Gazprom’s start to gas pumping operations means that the grip of land based transit nations on Russia’s capacity to ship gas to the Eurozone is irrevocably weakened.
The start of shipments along the 8.8 billion Euro Nord Stream pipeline means that the 25% of Europe’s gas which Russia supplies is more certain, backed by the first direct link between Russia and an estimated 30 million homes in the EU.That means an end to scenarios which saw supply disruptions in 2007 and 2008 as Gazprom and Naftogaz of Ukraine sought to reach agreement on supplies to Ukraine and transit of supplies for the EU.The Nord Stream pipeline, under the Baltic Sea, will significantly reduce the estimated 75% of Russia’s gas for Europe, which passes through Ukraine.A similar reduction will eventuate when the South Stream pipeline through the Black Sea is completed.
At Tuesday’s launch, Prime Minister Vladimir Putin clicked a mouse to allow gas into the Portovaya compressor station dispatch centre, with the pipeline taking about one month to fill.He hailed the increased freedom from transit nations.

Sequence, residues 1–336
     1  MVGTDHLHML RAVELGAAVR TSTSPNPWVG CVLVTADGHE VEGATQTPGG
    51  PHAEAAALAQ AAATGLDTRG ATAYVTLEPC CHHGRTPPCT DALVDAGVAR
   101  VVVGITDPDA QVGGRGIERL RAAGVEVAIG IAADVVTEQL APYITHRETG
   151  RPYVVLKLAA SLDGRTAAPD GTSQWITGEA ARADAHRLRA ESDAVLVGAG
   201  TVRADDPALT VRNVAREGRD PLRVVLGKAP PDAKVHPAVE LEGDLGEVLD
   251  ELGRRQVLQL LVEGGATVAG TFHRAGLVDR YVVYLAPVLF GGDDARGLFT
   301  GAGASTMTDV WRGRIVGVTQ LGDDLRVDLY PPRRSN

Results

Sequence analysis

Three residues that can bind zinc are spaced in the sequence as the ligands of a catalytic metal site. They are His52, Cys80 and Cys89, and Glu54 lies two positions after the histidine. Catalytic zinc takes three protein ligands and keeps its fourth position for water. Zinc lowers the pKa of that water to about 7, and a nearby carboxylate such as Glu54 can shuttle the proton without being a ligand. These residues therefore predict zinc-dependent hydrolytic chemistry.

“We are slowly and surely turning away from the dictate of transit states.”
Gas shipments to European customers should commence in October, with a second pipeline being laid over the 1224 kilometre route to double capacity in 2012 from 27.5 billion cubic metres per year to 55 billion cubic metres per year.
The completion of the first phase of the Nord Stream project comes amidst increasing public comment about Ukraine’s future gas purchases from Russia, as well as pricing.Last week Ukraine’s Prime Minister said the national energy producer and transit company, Naftogaz of Ukraine, would be dismantled with all contracts it was party to being reviewed – including the 2009 supply agreement with Gazprom which ended the disputes of 2007 and 2008, but has lead to claims that Ukraine is locked into buying more gas than it needs at higher prices.Gazprom has responded to the comments with the proposal that Naftogaz could merge with Gazprom.